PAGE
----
What are campanulas?
Bellflowers or campanulas provide saucer-shaped, tubular, bell or star-shaped five-lobed flowers in various shades ranging between pink, blue and white. There are more than 300 species, including annuals, biennials and perennials, found in temperate areas of the Northern Hemisphere in woodland, meadow and high mountain. Campanula mainly flowers in the first half of the year and some will flower again if cut back. Campanula height range from tiny alpines at a few centimetres high to the chimney bellflower (Campanula pyramidalis), which can get to almost 2m. Campanula grows in easily in well-drained conditions in good light, but not good in waterlogged, or on overfed ground. However, some more invasive species do prefer moisture, including Campanula takesimana, Campanula latifolia and Campanula lactiflora.
How to grow campanula
- Bellflowers and campanulas are a mixed bunch, but they share several common traits. They tend to set copious amounts of fine seeds that can fly round the garden on a breeze. This causes problems for the gardener and the nurseryman as many named cultivars (such as Campanula lactiflora ’Prichard’s Variety’) have been replaced by inferior seedlings. Always deadhead.
- Spent stems should be cut down after flowering: this often encourages regrowth from the base, improving the plant’s appearance.
- Campanulas have bad habits. Some shift about in the garden and move on to fresh ground. Some (such as ‘Pink Octopus’) are aggressive smotherers of other plants. Some form huge woody rootstocks and lose vigour within four years. This is especially true of Campanula lactiflora.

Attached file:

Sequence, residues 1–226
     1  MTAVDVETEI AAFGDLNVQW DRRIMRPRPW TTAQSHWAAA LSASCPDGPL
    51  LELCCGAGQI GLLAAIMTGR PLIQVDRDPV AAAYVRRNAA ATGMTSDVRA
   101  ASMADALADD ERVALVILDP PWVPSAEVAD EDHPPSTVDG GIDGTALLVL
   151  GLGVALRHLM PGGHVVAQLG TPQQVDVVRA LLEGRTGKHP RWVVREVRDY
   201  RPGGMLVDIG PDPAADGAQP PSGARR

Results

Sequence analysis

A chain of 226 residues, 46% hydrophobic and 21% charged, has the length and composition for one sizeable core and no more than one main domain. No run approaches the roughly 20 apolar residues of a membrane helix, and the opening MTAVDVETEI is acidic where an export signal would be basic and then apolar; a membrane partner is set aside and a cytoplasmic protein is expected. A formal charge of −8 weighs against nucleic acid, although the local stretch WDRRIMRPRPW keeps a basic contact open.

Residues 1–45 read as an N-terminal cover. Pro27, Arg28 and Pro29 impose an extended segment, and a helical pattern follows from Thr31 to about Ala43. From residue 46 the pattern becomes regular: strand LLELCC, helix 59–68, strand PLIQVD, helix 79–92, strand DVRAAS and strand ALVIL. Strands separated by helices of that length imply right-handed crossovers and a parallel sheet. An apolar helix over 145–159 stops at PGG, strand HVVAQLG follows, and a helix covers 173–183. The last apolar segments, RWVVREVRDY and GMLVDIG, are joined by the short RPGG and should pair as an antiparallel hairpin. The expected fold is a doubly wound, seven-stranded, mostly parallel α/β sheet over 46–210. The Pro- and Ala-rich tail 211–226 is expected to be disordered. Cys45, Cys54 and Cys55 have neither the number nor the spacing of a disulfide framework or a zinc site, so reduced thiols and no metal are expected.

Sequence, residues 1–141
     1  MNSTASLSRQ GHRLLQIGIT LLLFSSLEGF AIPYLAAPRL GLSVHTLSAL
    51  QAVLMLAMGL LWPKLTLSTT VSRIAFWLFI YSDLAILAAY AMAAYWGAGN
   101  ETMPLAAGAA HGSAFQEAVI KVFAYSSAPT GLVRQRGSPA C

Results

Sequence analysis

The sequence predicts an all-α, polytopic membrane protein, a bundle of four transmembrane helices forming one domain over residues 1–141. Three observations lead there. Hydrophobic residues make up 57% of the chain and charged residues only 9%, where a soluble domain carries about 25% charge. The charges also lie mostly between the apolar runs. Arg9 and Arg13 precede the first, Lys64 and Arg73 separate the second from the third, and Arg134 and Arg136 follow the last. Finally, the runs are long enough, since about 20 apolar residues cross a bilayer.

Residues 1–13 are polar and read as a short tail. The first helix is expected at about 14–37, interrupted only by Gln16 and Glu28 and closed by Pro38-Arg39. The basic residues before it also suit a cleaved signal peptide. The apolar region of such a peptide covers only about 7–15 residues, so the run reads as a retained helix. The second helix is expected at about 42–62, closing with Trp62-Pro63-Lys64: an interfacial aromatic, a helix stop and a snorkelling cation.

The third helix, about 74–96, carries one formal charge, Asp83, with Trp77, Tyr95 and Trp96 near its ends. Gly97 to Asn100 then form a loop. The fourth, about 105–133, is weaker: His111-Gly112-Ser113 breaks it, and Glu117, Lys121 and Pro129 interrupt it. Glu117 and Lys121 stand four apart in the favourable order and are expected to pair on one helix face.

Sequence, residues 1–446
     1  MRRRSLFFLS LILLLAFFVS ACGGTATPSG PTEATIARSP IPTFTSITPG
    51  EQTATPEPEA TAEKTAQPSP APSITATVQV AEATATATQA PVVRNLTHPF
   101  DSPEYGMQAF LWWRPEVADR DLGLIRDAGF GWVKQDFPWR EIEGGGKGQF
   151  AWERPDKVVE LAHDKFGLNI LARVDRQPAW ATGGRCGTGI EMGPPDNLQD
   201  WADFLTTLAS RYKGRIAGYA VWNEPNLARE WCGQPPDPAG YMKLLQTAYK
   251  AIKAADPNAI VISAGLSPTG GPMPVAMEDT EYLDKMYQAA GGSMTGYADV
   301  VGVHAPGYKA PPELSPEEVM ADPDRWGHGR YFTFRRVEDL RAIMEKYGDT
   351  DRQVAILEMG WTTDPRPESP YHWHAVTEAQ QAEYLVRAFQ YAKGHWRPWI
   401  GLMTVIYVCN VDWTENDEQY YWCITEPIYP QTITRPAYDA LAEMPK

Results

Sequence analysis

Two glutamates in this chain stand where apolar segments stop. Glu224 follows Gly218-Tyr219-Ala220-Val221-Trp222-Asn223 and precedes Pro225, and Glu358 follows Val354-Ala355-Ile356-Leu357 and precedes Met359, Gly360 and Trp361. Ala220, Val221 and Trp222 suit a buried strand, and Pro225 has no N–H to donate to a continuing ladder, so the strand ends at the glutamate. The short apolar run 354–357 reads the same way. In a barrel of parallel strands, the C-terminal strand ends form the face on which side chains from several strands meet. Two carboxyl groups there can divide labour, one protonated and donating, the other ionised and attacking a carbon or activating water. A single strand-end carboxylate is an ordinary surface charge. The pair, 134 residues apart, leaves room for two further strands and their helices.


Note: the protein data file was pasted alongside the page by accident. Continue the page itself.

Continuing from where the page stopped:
- Regular propagation from cuttings taken in spring (every third year) is essential if you spot woody, gnarled roots at the base, or sense a lack of vigour. The best border bellflowers, named forms of Campanula lactiflora, will fade away if left untended.
- Always remove spent flowers as they fade, for campanulas often die badly, especially the white flowered forms. This will promote more flower and prevent unwanted seedlings. Most are cut back to the base. Lactifloras are deadheaded like roses so that more flower appears lower down.
- Rust can be a problem, but normally plants recover in the following year.
- Chelsea chopping your plants by reducing them by a third in the third week of May can delay flowering, but generally plants are best left alone. The exception is Campanula lactiflora as this will still flower just as profusely.
- Some campanulas need staking and this must be done when growth is two-thirds complete. However, the floppy Campanula lactiflora cultivars and the wiry-stemmed Campanula persificolia can be supported by planting partners.
The best campanula to grow in your garden
Campanula latifolia ‘Buckland’
© Jason Ingram
A seedling from the pure-white Campanula latifolia var. alba, the purple eye and faintest flush of that colour in the white, elevates this into a classy looking perennial. Although upright in growth, I have never needed to stake this plant, and because the clump occupies very little ground space, it can provide very useful vertical accent points among lower-growing perennials. After flowering the skeletal seedheads are also attractive for a short period before they are best cut back. Height 1m. Origin Garden origin (species from Europe and western Asia). Conditions Any soil; full sun to part shade. Hardiness RHS H5, USDA 4a-9b. Season of interest Summer. KW
Campanula lactiflora ‘alba’
© Jason Ingram
The real, but elusive, cultivar should be pure-white without any touches of blue or grey. Like all white campanulas it browns as it fades. However it is stunning set among dark roses. AGM.
Campanula lactiflora ‘Loddon Anna’